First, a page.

I’m glad I put some funds down and went to see this weekend’s Graphic Novel Panel 2013 by the Seattle chapter of the Graphic Artists Guild, because in addition to being a chance to chat with friends, it was also an opportunity to learn more about some books worth reading. Here are three:
You are not Michel Gagne. Michel Gagne is nothing like the rest of us. A former Don Bluth animator, he has seen things we people have never dreamed. He has successes in production we could never understand. If you have the chance to meet him at a booth somewhere, you should, because one day he will become the stuff of legend. Don’t read Zed. Experience it.
When a cute little alien named ZED demonstrates his invention to the Hierarchy of the Galaxy, something goes wrong—terribly wrong! Before long, ZED’s universe is thrown into complete turmoil and our little hero must face nearly insurmountable odds trying to survive and save the very fate of his home world.
David and Frank did exhaustive research for this book. They put years and years into the making of this book. This book deserves to be in your home, where it will sit in a corner, pick a mandolin and sing about young women who died before their time. Also, David wears suspenders and thinks my karoake singing is pretty good, so you know, why not?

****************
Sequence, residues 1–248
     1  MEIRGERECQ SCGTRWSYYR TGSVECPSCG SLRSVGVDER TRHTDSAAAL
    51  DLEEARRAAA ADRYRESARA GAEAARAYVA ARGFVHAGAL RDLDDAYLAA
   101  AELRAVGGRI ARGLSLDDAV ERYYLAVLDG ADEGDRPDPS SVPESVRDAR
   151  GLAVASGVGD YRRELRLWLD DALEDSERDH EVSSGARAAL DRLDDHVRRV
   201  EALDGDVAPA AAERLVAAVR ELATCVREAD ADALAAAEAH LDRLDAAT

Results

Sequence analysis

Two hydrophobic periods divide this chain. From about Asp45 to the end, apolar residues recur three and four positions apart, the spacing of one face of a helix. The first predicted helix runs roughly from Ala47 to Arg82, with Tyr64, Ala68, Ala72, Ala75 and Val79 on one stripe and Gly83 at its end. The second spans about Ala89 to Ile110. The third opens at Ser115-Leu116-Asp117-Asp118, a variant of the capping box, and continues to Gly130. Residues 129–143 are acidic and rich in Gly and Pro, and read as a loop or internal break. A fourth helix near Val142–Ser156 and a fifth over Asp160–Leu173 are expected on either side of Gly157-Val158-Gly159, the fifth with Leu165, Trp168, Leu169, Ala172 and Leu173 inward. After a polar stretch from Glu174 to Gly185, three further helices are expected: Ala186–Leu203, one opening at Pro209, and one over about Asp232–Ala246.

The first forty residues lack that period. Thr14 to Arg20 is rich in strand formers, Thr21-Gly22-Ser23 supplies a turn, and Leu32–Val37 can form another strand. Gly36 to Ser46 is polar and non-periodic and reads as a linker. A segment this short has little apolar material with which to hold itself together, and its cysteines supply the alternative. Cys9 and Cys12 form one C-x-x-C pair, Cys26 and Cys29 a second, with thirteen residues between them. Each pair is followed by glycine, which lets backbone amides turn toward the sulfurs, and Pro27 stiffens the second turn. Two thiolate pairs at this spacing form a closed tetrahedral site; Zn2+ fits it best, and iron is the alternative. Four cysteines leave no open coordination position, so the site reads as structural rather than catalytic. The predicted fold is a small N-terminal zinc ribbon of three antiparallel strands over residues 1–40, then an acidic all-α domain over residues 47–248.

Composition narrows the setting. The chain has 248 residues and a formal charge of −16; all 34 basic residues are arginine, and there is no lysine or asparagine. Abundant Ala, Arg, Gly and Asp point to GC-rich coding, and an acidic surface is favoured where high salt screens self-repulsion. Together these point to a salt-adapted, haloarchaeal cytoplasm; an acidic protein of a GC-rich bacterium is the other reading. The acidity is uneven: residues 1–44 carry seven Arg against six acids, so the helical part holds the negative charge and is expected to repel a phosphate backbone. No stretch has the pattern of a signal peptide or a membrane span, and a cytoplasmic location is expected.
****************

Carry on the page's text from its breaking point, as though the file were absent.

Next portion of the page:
The Carter Family: Don’t Forget This Song is a rich and compelling original graphic novel that tells the story of the Carter Family—the first superstar group of country music—who made hundreds of recordings and sold millions of records. Many of their hit songs, such as “Wildwood Flower” and “Will the Circle Be Unbroken,” have influenced countless musicians and remain timeless country standards.
I was riveted to this frank account of learning to control a bi-polar disorder. There are simple charts contained for people like me who can’t decipher psychological profiles. The Seattle locations don’t hurt either. I learned a lot more from this book than I ever learned in health class.
Shortly before her thirtieth birthday, Forney was diagnosed with bipolar disorder. Flagrantly manic and terrified that medications would cause her to lose creativity, she began a years-long struggle to find mental stability while retaining her passions and creativity.